Dallas' Fair Park Bike-Share Grosses Whopping $795 in Six Months
Happy users of Dallas' fledgling bike-share program go for a spin.
"Bicycle two 1886" Licensed under Public Domain via Wikimedia Commons
In November 2014 Mayor Mike Rawlings braved a breath-catching chill and the self-defeating inadequacy of the notion that two isolated docking stations could constitute a functioning system and enthusiastically kicked off a bike-sharing program at Fair Park. Rawlings gleefully hopped on one of the $8,000 bikes (the city paid $125,000 for 16 bicycles plus docking stations) and pedaled off toward the Esplanade, predicting when he stopped that bike-share would be a fabulous and well-used amenity at Fair Park.
So has Fair Park bike-share been a success? It was hard to know at first given that Friends of Fair Park, the nonprofit the Dallas City Council is having run the program, wouldn't release data in response to an open records request; Attorney General Ken Paxton's office affirmed its refusal two weeks ago in opinion that ignored FOFP's long and incestuous relationship with City Hall. No matter. We obtained bike-checkout data late last week through other means.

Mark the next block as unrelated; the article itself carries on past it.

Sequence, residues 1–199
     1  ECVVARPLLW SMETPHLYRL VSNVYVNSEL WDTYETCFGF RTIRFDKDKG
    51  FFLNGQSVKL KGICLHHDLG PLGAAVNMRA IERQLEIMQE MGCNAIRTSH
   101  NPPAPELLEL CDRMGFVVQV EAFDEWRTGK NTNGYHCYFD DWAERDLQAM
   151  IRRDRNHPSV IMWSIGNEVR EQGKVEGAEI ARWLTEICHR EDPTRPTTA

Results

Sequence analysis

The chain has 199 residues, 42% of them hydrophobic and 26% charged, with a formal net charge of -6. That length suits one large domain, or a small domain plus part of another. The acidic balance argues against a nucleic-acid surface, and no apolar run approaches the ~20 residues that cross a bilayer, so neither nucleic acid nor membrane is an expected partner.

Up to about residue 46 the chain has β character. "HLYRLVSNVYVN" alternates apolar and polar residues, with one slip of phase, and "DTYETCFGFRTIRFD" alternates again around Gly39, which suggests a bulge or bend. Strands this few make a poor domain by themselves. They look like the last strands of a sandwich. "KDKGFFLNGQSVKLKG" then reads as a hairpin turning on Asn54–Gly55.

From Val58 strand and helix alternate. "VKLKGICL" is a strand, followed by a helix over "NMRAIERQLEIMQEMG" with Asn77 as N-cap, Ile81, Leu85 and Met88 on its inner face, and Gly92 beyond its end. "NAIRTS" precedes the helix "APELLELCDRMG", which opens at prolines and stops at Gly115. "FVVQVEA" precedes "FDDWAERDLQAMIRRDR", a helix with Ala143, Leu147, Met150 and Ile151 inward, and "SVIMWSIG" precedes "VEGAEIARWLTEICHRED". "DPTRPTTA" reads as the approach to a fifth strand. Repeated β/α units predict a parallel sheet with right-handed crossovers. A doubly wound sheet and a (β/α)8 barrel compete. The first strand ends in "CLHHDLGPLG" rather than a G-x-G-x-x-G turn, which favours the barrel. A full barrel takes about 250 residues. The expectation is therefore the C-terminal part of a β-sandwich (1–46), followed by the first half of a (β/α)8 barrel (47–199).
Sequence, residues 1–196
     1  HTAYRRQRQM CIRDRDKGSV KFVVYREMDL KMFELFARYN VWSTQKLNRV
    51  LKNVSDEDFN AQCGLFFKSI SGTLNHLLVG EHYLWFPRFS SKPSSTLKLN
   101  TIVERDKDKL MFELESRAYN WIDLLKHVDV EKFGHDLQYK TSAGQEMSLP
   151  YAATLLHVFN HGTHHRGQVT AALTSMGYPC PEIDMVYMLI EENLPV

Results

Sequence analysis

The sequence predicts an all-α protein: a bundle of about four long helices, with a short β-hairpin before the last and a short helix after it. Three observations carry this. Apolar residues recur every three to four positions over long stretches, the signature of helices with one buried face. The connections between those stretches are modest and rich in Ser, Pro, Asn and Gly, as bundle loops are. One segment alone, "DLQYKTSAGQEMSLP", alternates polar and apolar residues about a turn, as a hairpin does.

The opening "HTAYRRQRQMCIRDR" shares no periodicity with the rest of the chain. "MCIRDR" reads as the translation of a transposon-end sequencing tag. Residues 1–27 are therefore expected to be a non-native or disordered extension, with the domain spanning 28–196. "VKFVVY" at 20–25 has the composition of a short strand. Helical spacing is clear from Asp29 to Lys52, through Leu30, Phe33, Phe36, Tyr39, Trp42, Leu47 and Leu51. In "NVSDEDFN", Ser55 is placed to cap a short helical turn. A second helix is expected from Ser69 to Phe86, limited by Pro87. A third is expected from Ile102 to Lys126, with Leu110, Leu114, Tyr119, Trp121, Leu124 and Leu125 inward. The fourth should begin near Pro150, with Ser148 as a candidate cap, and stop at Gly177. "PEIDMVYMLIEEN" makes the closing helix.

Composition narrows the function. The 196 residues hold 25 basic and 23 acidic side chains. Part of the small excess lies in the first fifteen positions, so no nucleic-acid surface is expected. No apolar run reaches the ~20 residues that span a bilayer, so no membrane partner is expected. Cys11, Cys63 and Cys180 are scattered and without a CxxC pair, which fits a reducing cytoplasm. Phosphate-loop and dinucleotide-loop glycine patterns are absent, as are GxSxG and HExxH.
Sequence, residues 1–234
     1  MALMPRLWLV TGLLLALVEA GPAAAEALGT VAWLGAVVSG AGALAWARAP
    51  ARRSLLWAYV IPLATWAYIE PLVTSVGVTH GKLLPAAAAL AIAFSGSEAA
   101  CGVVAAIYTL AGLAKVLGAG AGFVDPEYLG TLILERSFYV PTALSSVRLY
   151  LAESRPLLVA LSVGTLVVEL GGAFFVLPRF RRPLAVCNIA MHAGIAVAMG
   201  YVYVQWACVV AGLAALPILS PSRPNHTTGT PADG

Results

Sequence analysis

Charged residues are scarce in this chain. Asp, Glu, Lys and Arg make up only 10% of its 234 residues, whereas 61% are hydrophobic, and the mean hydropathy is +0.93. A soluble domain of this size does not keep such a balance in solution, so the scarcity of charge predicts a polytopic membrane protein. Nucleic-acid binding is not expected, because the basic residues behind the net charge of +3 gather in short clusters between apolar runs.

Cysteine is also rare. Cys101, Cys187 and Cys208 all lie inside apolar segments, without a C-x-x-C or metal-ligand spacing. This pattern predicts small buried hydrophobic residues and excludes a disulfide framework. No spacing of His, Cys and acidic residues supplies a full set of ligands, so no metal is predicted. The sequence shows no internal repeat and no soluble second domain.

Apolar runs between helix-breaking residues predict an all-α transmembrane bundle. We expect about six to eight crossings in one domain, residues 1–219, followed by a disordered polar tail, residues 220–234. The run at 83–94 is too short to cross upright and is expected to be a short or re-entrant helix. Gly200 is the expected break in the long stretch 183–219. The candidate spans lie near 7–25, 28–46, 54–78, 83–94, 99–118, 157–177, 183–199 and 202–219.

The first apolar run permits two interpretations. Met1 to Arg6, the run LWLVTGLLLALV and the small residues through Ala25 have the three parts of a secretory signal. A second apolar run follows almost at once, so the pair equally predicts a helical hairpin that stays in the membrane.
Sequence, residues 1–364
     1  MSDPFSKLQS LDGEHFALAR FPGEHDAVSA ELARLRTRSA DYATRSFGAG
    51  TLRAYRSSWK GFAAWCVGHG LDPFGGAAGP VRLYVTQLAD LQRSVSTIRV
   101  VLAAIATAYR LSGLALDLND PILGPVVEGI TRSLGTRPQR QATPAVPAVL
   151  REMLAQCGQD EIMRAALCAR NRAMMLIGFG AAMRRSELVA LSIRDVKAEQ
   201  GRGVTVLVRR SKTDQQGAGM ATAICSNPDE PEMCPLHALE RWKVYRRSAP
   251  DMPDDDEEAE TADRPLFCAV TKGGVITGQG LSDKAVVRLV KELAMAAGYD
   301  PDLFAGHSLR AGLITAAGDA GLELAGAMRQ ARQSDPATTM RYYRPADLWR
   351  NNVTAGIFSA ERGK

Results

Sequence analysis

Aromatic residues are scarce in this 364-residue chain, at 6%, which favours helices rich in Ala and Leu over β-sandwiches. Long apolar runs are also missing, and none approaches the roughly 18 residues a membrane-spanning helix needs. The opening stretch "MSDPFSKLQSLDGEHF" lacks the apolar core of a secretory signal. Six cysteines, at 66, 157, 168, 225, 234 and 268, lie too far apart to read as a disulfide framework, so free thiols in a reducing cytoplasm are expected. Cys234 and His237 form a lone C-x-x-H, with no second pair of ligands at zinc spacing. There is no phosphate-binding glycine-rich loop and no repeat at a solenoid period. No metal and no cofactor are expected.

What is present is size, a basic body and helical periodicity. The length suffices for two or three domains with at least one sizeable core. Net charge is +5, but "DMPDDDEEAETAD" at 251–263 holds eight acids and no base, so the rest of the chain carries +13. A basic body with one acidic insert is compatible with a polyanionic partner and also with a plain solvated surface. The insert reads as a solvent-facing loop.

Dallas Mayor Mike Rawlings inaugurates Fair Park's bike sharing program in November 2014.
At first glance, the usage looks OK. Between January 1 and July 1, 250 bikes were checked out, an average of about 1.4 per day. A far cry from what one would expect from a fully realized bike-share system with stations located at strategic points throughout the city, but not terrible for two kiosks on the fringe of a usually depopulated Art Deco no-man's-land.
Dig down a bit further and the numbers look bleaker. Eighty rides were regular maintenance rides by a city employee. Another 53 rides were for two or fewer minutes, suggesting the user briefly pulled the bike from the rack before having second thoughts. That leaves 117 actual riders. The number is whittled down further still when you look at who actually paid for their ride as, judging from the data, rides of 30 minutes or fewer are free, a bargain that 44 of the remaining riders took advantage of. (The plan as presented in November was to charge $2.50 for the first half hour through December 31; on January 1, that charge would double to $5.) Which leaves 73 paying customers. Most of those rode for an hour or less and paid $2.50. For reasons not explained on the spreadsheet, one guy checked out two bikes for 12,630 minutes (about nine days) for a total charge of $190. All told, nine-day biker guy included, Fair Park bike share grossed a whopping $795 between January 1 and July 1, which is infinitely more than nothing but almost infinitely less than the $125,000 the bike-share system cost. Of course, Dallas had a really wet spring.
Send your story tips to the author, Eric Nicholson.
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